Choice Of Grits

For all preparatory sanding and levelling off an 80 grit firm-backed cabinet-paper is suitable, and coarse-grained woods such as oak or teak rarely require any finer treatment. For close-grained woods the first coarse sanding should be followed up with a 120 grit finishing paper, and finely veneered surfaces with 180 grit which can be used with a circular movement over mitred corners, etc. For the most delicate work and for easing down polishes a 240 grit can be used. The foregoing are. of course, only suggestions based on the practical experience of the writer, and as individual touches differ other workers may prefer coarser or finer papers. For comparable results with orbital sanders the grits can be coarser, i.e. 60 grit for preparatory work, followed up by 100 grit, and 150 grit if necessary.

Some woods are woolly textured so that the grits tend to crush rather than cut the fibres, and these should be given a very thin wash coat of white french polish or cellulose lacquer (5 parts spirit or thinners to 1 part polish), and allowed to dry hard before the final sanding. The wash coat raises the grain and sets the loose fibres in an upright position so that they can be cut off. In the best work surfaces are always 'flared off by damping them with water to raise the grain. This flaring off can be done several times if necessary, but wherever water is used it is essentialto dust the surfaces very thoroughly with a stiff brush, for if they have been scraped with steel scrapers iron mould stains may appear, which will have to be bleached out with oxalic acid. The time spent on careful sanding will be well repaid in the excellence of the finished furniture.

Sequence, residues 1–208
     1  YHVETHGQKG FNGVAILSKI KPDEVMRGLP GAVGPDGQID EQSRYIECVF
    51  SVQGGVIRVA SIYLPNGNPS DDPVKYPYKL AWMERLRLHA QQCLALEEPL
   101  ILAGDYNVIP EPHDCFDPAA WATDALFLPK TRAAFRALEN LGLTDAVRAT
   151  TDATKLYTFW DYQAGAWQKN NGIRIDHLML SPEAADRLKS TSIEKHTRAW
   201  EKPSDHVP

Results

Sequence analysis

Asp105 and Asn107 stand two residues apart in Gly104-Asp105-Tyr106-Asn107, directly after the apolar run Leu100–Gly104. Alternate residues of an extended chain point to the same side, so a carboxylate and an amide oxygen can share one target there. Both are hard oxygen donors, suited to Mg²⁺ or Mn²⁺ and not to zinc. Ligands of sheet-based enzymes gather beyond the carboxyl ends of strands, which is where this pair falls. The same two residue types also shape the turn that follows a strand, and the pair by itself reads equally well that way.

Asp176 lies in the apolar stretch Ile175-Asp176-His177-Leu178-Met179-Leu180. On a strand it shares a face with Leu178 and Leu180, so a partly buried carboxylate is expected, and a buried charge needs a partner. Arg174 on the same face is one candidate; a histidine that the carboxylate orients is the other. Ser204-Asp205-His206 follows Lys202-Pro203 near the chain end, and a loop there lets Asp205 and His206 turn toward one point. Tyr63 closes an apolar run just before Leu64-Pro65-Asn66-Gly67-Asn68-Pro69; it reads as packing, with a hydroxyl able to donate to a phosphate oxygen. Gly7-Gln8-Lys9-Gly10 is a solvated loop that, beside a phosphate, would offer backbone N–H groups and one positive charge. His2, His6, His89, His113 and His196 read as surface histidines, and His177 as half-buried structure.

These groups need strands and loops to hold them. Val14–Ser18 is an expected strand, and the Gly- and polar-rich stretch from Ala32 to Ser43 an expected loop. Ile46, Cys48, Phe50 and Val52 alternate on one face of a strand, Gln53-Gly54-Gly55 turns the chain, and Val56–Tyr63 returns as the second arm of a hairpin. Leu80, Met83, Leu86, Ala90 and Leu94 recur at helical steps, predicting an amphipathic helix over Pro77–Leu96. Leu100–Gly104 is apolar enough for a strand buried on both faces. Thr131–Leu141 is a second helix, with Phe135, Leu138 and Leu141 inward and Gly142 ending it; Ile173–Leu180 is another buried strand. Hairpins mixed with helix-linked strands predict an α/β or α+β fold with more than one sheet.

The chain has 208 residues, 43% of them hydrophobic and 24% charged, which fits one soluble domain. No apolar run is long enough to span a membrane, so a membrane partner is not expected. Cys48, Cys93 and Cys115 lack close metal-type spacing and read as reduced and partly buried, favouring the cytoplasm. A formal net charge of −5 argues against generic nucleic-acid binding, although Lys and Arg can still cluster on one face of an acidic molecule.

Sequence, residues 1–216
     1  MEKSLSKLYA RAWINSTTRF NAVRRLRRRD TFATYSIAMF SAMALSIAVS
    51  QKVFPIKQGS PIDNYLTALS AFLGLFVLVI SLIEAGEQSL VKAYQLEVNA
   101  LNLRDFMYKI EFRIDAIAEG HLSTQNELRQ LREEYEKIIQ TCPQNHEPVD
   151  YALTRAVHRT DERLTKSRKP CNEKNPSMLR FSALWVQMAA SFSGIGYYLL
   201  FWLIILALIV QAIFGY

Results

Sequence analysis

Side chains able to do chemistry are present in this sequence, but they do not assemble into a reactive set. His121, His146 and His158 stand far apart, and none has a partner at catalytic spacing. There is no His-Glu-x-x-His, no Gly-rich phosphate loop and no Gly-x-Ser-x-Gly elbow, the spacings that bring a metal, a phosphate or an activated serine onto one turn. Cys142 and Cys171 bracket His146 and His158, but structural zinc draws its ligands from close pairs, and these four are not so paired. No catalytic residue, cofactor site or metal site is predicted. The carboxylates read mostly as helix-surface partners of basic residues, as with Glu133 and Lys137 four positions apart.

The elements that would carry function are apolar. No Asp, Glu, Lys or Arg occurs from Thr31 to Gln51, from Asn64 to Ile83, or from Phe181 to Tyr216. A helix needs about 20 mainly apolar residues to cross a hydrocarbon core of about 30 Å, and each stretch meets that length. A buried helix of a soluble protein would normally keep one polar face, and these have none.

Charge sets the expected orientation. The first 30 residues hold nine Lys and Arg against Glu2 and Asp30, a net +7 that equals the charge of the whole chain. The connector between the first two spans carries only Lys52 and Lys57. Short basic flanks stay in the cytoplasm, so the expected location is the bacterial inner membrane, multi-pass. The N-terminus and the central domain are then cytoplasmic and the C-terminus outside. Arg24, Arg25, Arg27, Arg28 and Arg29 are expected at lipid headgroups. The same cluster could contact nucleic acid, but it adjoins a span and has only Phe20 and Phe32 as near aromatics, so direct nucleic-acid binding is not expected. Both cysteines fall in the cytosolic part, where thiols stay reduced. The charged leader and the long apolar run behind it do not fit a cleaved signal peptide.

All abrasive papers should be stored in a dry place (ideally at 70° F [21° C] and 45 per cent humidity) and warmed slightly before use if the backing is at all damp.

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